Advertisement

Journal of Soils and Sediments

, Volume 19, Issue 1, pp 345–355 | Cite as

Spatio-temporal heterogeneity of soil microbial properties in a conventionally managed arable field

  • Anna Piotrowska-DługoszEmail author
  • Barbara Breza-Boruta
  • Jacek Długosz
Open Access
Soils, Sec 5 • Soil and Landscape Ecology • Research Article
  • 299 Downloads

Abstract

Purpose

Knowledge about the spatio-temporal variability of soil microbial properties is crucial in evaluating their structure-function relationship and their impact on ecosystem functions. The aim of the study was to determine the spatio-temporal variation of the selected microbial properties at the surface horizon in a conventionally managed arable field.

Materials and methods

The area selected for the research, which was mainly covered with typical Luvisols, was a uniformly managed system that was considered to be homogenous in respect to texture (mostly loamy fine sand). Winter wheat was cultivated after winter rape as the forecrop. A grid soil sampling (10 m × 10 m) was used to assess the spatial heterogeneity of soil properties across a 0.5-ha field. Soil samples were collected at 50 points from the upper 20 cm of soil in April and August 2007. Colony-forming units (CFUs) of bacteria, fungi and actinomycetes, and basal respiration (BR) were analyzed. Data were evaluated using classical statistical and geostatistical methods.

Results and discussion

Fungal CFUs were significantly lower than the bacterial ones with a B/F (bacteria/fungi) ratio of 80.0 in April and 45.1 in August. Bacterial CFUs, B/F ratio, and BR level revealed significantly higher values in April than in August, while fungi showed the opposite trend. Other studied properties did not show significant differences between sampling months. Only some of the properties, such as the bacterial community in August, the number of actinomycetes in April, and qCO2 on both sampling dates, revealed significant spatial autocorrelation (Moran’s I) and were spatially dependent at the scale of sampling grid, whereas the qCO2 revealed a higher differentiation in the spatial pattern between April and August than the other studied properties. Most of the spatially correlated properties were in the weak variability class (a nugget effect > 75%), while only the qCO2 (August) ratio was in the moderate variability class (a nugget effect between 25 and 75%).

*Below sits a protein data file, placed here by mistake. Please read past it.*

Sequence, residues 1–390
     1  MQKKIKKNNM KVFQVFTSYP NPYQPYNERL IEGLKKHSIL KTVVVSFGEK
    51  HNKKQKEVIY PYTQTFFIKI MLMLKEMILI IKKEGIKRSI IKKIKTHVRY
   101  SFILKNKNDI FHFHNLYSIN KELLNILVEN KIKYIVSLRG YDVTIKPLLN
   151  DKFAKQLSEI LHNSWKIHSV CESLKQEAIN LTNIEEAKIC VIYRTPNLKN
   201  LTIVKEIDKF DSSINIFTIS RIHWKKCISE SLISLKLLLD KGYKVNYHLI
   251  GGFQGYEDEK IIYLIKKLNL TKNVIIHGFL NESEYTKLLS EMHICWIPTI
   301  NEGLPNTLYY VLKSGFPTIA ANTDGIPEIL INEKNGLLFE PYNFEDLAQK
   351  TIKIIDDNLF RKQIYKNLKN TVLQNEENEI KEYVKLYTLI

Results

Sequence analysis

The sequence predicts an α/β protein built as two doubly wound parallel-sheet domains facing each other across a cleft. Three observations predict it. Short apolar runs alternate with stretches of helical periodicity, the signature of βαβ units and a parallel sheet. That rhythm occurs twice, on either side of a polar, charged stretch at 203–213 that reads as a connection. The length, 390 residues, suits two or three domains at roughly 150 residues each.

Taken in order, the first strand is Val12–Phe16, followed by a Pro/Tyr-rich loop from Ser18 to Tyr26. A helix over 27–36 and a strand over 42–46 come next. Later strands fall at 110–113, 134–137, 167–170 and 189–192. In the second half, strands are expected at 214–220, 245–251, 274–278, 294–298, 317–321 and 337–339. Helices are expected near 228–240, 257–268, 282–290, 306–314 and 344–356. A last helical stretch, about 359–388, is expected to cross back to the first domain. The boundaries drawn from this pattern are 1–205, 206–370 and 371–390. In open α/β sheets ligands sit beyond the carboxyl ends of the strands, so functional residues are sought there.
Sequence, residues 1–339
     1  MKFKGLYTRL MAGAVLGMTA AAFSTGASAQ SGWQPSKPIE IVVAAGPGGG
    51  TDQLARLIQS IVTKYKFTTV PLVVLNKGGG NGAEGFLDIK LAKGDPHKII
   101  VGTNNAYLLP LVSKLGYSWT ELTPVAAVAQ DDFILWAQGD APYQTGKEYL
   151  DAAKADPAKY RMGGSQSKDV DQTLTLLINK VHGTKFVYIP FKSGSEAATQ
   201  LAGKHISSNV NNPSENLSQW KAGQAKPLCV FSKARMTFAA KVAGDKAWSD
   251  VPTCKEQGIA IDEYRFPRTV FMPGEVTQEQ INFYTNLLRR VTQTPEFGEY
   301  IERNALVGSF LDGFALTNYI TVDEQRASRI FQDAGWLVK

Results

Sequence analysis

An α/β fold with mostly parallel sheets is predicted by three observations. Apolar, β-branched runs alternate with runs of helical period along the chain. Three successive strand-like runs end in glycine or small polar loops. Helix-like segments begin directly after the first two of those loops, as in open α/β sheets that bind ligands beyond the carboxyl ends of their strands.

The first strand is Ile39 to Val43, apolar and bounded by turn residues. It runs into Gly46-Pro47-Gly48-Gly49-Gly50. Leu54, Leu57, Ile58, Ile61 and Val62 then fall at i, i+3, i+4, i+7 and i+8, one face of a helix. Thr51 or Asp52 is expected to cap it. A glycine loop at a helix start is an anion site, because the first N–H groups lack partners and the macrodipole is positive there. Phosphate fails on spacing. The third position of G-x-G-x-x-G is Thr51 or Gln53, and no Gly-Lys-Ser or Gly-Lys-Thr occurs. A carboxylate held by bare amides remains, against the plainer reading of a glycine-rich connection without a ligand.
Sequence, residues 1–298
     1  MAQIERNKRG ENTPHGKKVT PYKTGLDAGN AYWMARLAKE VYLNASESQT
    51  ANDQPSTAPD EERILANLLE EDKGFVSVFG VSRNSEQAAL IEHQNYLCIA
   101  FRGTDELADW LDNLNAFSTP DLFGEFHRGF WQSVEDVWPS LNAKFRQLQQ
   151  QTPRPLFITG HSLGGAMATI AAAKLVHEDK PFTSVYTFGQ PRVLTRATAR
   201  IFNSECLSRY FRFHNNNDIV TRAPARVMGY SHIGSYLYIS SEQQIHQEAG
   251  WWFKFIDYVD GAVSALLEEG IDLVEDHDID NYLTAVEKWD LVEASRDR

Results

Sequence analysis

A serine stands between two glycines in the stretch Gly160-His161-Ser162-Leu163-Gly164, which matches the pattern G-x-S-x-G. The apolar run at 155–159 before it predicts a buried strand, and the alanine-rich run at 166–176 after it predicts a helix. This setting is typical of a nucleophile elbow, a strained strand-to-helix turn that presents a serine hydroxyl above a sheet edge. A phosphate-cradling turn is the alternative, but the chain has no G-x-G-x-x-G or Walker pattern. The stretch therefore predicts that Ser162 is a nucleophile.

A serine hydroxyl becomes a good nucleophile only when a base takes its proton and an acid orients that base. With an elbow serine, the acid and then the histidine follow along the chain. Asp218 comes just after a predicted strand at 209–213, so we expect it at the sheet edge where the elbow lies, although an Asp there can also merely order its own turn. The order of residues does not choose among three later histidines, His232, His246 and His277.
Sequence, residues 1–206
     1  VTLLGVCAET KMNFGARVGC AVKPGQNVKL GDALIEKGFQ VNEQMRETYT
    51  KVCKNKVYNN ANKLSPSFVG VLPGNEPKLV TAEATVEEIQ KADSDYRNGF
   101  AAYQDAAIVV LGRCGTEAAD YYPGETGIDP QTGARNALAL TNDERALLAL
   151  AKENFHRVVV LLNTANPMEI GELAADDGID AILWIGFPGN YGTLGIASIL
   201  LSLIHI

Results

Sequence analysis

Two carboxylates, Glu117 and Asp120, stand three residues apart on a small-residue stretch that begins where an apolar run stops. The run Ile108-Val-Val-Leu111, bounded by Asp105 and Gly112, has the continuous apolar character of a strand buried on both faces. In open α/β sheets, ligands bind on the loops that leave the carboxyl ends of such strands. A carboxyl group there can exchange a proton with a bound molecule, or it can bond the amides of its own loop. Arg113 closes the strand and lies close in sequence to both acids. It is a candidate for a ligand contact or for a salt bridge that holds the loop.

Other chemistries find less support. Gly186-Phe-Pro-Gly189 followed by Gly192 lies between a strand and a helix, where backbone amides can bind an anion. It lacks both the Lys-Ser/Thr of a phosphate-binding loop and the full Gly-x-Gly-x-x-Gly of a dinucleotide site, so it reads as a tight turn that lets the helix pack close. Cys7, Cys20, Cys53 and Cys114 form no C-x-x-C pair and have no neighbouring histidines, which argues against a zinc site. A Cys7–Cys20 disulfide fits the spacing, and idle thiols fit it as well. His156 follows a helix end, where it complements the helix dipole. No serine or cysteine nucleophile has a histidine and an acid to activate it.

Conclusions

Most of the microbial-related properties did not exhibit a spatial structure at the examined scale, thus suggesting that changes in these properties would be detectable at a distance shorter than 10 m. More frequent seasonal sampling must be included in the sampling strategy in order to better understand whether studied properties show any permanent spatial patterns in soil over time or whether they are more randomized.

Keywords

Geostatistics Microbial colony-forming units Microorganisms Soil respiration Spatial variability 

1 Introduction

Soil microorganisms are the living components of soil organic matter, and despite comprising only a small percentage of the total mass of organic matter, they are considered to have a crucial impact on numerous important biochemical processes such as the release of plant-available nutrients, organic matter dynamics, and soil structure formation (Gangneux et al. 2011).

Soil is a very heterogeneous and complex system in which neither microorganisms nor other soil components are irregularly distributed (Černohlávková 2009). Even within uniformly managed systems, which are typically assumed to be more homogenous than natural systems, biological processes (e.g., growth and colony formation) may produce aggregations of microorganisms at various spatial scales (Franklin and Mills 2003). Soil microorganisms and microbial processes are controlled by factors such as organic matter content, soil moisture, texture, and pH, all of which exhibit spatial heterogeneity as well (Guox et al. 2012). Studies of the spatial patterns in microbial communities are still relatively rare (Martiny et al. 2011), and determining their spatial patterns is extremely complicated due to the large number of factors that affect microbial activity (Yergeau et al. 2010) as well as the fact that microbial properties have considerable temporal variability (Lauber et al. 2013). Soil microbiota can exhibit patchy distributions at a scale from several millimeters to several meters (Nunan et al. 2003; Tecon and Or 2017). The spatial variability is often determined for one scale (e.g., Peigné et al. 2009), but multi-scaled comparisons have been considered as well (e.g., Franklin and Mills 2009). Franklin and Mills (2003) had previously explored the multi-scale spatial distribution of microbial community structure in an agricultural field and found that several scales of spatial autocorrelation can exist within the centimeter to 10-m scale.